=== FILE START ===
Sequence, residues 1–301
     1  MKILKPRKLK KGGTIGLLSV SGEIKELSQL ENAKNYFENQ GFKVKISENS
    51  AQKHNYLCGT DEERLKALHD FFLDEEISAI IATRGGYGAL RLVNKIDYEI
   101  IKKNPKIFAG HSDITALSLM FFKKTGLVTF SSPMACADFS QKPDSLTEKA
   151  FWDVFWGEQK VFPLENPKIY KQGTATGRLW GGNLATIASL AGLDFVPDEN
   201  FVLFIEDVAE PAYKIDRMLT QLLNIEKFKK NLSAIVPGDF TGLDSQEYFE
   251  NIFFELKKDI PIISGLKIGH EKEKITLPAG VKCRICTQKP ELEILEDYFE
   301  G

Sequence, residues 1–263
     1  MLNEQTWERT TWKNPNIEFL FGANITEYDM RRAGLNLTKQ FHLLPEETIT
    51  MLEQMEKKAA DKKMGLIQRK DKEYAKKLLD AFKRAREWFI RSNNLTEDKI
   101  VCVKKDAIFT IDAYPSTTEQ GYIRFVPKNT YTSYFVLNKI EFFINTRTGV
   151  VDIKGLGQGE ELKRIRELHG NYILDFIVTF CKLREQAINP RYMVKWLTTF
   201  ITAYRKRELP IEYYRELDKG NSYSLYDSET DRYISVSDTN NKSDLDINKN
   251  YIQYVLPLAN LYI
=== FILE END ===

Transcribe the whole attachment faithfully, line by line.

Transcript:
Sequence, residues 1–301
     1  MKILKPRKLK KGGTIGLLSV SGEIKELSQL ENAKNYFENQ GFKVKISENS
    51  AQKHNYLCGT DEERLKALHD FFLDEEISAI IATRGGYGAL RLVNKIDYEI
   101  IKKNPKIFAG HSDITALSLM FFKKTGLVTF SSPMACADFS QKPDSLTEKA
   151  FWDVFWGEQK VFPLENPKIY KQGTATGRLW GGNLATIASL AGLDFVPDEN
   201  FVLFIEDVAE PAYKIDRMLT QLLNIEKFKK NLSAIVPGDF TGLDSQEYFE
   251  NIFFELKKDI PIISGLKIGH EKEKITLPAG VKCRICTQKP ELEILEDYFE
   301  G

Sequence, residues 1–263
     1  MLNEQTWERT TWKNPNIEFL FGANITEYDM RRAGLNLTKQ FHLLPEETIT
    51  MLEQMEKKAA DKKMGLIQRK DKEYAKKLLD AFKRAREWFI RSNNLTEDKI
   101  VCVKKDAIFT IDAYPSTTEQ GYIRFVPKNT YTSYFVLNKI EFFINTRTGV
   151  VDIKGLGQGE ELKRIRELHG NYILDFIVTF CKLREQAINP RYMVKWLTTF
   201  ITAYRKRELP IEYYRELDKG NSYSLYDSET DRYISVSDTN NKSDLDINKN
   251  YIQYVLPLAN LYI